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mattmarkham

House owned outright - told I have to sell it!?

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Many years ago my father died and as a result the house he shared with my mum was paid off in full. Eventually my mum remarried but was keen to ensure that her new husband and his family would not benifit from any inheritence (in the event of her death) in relation to the house and that this should come to me and my bother and sister. A will was drawn up which states that my upon mums death the house would belong to the three of us but we would be prevented from moving in or selling it because my step father could remain resident unless he remarried or began cohabiting. My mum unfortunately died and in accordance with the will the house now belongs to the three of us but my step father remains resident. Our relationship with him broke down soon after. Some years later he now has to move into a care home due to blindness. Our solicitor have notified us that if this is the case then the house will have to be sold, the money banked and the interest earned provided to my step father until his death, or alternativley rented out and the proceeds going to him until his death.

Surely this cannot be correct, he has no ownership rights to the house, simply a condition of residence which prevents us from treating it as our own until he marries, cohabits or dies. Surely we don't have to sell our inheritence? can anyone help?

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Ok, I don't know the law but as a lay person my thoughts are that your mother's will made provision for your step father's housing needs until one or more of several conditions arose:

 

a)death b)marriage c) co-habitation.

 

As none of the above has occurred then I'm guessing that legally your step-father still has an interest in the marital home but this is being realised in a different manner.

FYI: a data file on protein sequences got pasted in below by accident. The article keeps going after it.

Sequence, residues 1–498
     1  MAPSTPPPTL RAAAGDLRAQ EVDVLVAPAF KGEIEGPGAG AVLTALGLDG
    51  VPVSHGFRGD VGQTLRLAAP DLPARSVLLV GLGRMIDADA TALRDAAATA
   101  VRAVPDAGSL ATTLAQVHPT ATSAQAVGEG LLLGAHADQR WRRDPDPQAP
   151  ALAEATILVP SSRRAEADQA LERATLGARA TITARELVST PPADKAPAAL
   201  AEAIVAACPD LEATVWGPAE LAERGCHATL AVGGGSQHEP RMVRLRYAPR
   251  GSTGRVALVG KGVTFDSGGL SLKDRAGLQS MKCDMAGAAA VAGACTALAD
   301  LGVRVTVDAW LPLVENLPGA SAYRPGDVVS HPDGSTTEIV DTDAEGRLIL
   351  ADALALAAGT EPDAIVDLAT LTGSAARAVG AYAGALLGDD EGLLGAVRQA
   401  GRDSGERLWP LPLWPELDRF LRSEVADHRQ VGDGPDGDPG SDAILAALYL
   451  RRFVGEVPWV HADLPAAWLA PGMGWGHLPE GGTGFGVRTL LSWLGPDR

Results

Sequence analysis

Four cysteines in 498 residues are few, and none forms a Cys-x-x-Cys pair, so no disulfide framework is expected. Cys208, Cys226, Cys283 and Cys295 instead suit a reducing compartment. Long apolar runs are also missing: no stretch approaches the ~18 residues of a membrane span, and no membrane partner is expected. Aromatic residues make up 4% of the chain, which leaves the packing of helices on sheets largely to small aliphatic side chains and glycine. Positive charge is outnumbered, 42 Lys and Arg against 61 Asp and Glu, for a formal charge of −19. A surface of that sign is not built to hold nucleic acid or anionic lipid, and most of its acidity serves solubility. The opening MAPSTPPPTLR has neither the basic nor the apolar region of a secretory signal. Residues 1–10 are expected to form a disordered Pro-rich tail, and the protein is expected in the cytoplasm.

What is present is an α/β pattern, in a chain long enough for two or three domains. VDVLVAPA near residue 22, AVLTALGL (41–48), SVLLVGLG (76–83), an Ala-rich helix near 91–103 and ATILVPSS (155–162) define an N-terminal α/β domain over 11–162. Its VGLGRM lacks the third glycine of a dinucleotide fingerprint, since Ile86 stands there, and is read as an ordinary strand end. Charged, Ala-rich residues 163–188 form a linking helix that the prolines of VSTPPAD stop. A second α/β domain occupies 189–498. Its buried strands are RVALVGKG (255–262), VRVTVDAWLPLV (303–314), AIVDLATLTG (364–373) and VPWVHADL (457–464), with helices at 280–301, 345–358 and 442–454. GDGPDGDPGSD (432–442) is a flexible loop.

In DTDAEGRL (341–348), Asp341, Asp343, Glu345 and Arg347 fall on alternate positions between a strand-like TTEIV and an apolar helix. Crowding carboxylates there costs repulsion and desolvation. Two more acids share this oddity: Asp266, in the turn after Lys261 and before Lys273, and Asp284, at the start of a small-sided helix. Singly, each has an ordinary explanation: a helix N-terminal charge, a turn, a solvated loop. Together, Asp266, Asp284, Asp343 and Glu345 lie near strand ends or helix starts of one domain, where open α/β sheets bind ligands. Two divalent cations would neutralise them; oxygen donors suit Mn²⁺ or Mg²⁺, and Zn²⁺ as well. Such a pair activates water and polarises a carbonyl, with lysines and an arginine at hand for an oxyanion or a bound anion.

For example, if you did rent the house out and gave the profit to your step father, how would this be any different financially to you than if he were still living there?

Edited by WelshMam2009

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I don't know the answer to this but I'm horrified to think that this could be the case.

 

As more and more people need to go into care homes I'm surprised that the solicitor who drew up the will didn't take this possibility into account. If he should have done then you may have a case against him. You need to know what kind of clauses solicitors today put in wills, because the situation you describe clearly wasn't what your mum would have wanted.

 

I'm sure some expert advice will come along soon.

 

DD

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I can see Welshmam's point, but care homes are expensive. If you have to rent the house out, would the rent cover the care home costs?

 

I really don't see why you should have to sell it and maybe lose all the equity if he lives for another 20/30 years for example because the whole lot could be swallowed up.

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I can see Welshmam's point, but care homes are expensive. If you have to rent the house out, would the rent cover the care home costs?

 

I really don't see why you should have to sell it and maybe lose all the equity if he lives for another 20/30 years for example because the whole lot could be swallowed up.

 

I think you're earlier post is correct Daniella insofar as I don't believe that this is what Mattmarkham's Mum intended.

 

If there is no significant surplus via rental income then I guess the local authority will have to pick up the tab. If the property is sold then it is only the interest and not the equity that will be affected. However, this will effectively diminish over time which is why rental is probably the best long term option.

 

Also, any maintenance costs, necessary improvement works and statutory inspection costs and fees etc should all be off set against any profit.

 

One other thought, if the step father has been admitted to a nursing home because he needs nursing care then I don't believe that he should necessarily be paying for this. HOWEVER, whilst he is still alive, then I'm not sure that you can sell the property and simply divvy it up between the 3 siblings.

 

Just to say, in fairness, it is not the elderly gentleman who is benefiting here but the State!!